here who have been consistent in their condemnation of the corporate cronyism and control of government, regardless of which party was/is in charge, and regardless of who was/is president.

    And that consistency stems from knowing that, regardless of who is in charge, we have been and will continue to be the ones who suffer.

    I find it all horrifying, and am not inclined to shrug it off as "well, they all do it - that's just the way it is;" that feels to me like giving up, like giving them permission to keep doing it.

    I don't care who's doing it, I care about making it stop.  I think the only way that's going to happen is to cut the financial cord and go to 100% publicly funded elections.  I'd like to see the entire Congress have to run on that basis, at the same time, and see if we can't get a crop of legislators who might - might - start actually attending to the people's business, instead of attending to the business of making sure their pockets are full and all is well in corporate America.


    I also agree (5.00 / 1) (#137)
    by christinep on Thu Jun 03, 2010 at 03:56:29 PM EST
    with the general longing, Anne. (Except that I tend to reserve the word "horrifying" for tragic events such as the one in my husband's family earlier today where we received word that his step-brother abused his body with drink until he died yesterday at 55. That is not said for sympathy...only to illustrate that "horrifying" may well apply in that death.)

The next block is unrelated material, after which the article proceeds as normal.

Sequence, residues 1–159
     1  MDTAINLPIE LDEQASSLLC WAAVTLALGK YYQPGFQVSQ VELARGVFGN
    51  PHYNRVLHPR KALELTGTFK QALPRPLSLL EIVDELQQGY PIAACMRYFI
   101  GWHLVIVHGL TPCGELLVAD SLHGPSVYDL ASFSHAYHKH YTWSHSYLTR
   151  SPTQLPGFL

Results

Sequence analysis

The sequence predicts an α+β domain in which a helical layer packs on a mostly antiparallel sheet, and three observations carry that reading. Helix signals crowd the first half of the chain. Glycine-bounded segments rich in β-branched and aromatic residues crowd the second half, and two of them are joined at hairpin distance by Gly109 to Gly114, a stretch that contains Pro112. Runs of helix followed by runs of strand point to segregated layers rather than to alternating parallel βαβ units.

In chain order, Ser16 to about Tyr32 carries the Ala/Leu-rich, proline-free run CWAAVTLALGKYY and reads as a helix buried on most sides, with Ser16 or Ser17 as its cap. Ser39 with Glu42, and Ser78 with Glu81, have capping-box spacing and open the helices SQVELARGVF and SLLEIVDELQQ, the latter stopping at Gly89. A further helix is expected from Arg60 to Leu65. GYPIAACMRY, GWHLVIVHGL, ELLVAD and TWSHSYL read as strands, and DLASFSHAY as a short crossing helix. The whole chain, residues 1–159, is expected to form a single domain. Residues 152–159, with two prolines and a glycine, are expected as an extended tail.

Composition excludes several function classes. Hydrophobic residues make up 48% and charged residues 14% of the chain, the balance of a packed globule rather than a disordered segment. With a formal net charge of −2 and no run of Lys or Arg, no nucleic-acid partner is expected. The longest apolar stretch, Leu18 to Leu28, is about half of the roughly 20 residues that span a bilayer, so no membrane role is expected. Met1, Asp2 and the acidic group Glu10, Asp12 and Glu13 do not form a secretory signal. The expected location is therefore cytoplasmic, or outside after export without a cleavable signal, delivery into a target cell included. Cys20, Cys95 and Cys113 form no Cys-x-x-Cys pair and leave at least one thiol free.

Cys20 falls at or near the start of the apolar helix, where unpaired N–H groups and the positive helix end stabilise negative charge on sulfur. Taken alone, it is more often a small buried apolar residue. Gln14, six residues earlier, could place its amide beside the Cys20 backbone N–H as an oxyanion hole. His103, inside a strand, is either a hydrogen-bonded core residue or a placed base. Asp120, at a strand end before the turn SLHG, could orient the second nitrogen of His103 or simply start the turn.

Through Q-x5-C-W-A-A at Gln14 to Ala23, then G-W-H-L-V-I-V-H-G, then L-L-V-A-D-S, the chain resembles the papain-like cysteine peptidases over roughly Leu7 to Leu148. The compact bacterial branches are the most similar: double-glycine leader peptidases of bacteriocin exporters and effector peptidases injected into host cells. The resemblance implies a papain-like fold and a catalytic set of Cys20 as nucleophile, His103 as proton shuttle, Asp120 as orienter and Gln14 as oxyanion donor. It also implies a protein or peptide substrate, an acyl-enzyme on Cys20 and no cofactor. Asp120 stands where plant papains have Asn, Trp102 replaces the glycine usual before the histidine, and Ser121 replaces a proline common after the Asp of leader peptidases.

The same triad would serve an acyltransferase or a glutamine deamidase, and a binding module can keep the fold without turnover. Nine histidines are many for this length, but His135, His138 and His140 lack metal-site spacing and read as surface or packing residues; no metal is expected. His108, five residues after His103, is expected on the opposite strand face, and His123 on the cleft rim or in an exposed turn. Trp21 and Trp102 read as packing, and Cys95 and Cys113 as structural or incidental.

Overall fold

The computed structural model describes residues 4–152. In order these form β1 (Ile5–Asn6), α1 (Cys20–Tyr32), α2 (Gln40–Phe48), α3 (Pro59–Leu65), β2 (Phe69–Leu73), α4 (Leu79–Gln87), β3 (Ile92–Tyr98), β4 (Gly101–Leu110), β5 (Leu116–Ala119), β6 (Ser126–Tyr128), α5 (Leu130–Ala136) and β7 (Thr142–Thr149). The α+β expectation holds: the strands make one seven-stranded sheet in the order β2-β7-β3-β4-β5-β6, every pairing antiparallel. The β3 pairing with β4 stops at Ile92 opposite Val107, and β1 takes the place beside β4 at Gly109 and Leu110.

My question is and will remain for the coming days: What specifics by what specific leaders should be envisioned? The reason a request for specific names (as a suggestion) is in order is to put the whole intellectual dialectic in context. Is that fair?


    Death of 11 BP workers is "horrifying" (5.00 / 1) (#159)
    by FoxholeAtheist on Thu Jun 03, 2010 at 04:23:56 PM EST
    Why did you not think Anne had that in mind when she said:
    I find it all horrifying...

    I am saddened that you didn't think of the deaths of the BP workers Christinep.

    That being said, RIP to your husband's step-brother who just died of alcoholism at the age of 55. That is, as you say, "a horrifying tragic event".


    Of course, I think of the deaths at BP Deepwater (5.00 / 1) (#180)
    by christinep on Thu Jun 03, 2010 at 04:52:47 PM EST
    I don't pretend to be purer than Caesar's wife; and, I am sure that you do not either, FoxholeAtheist. My comment was made in the general context of certain adjectives used for political situations. (At least, that is the way in which I read it.) Again: The deaths of the eleven individuals in the Gulf deserves the word "tragic" and all the special sanctified words that should be reserved for wrongful deaths.

    I also hope that we don't read each other to point out unintended errors in context and grammar.


    Thank you, I'm glad we agree :-) (none / 0) (#199)
    by FoxholeAtheist on Thu Jun 03, 2010 at 05:14:56 PM EST
    BTW, your "context and grammar" don't tend to need correcting, so no worries there.

    I'm all for publicly funded elections (5.00 / 1) (#147)
    by ruffian on Thu Jun 03, 2010 at 04:08:39 PM EST
    The corporate influence and corruption is not going to end without getting the money out of that part of the equation.

    I couldnt agree more, Madame (none / 0) (#69)
    by jondee on Thu Jun 03, 2010 at 02:25:01 PM EST
    me either (none / 0) (#71)
    by Capt Howdy on Thu Jun 03, 2010 at 02:28:33 PM EST
    but I am hardly convinced

    jondee you & i are both (none / 0) (#164)
    by The Addams Family on Thu Jun 03, 2010 at 04:34:38 PM EST
    called out as obots here, which is where you actually will find a strong contingent of "never get over it" posters & commenters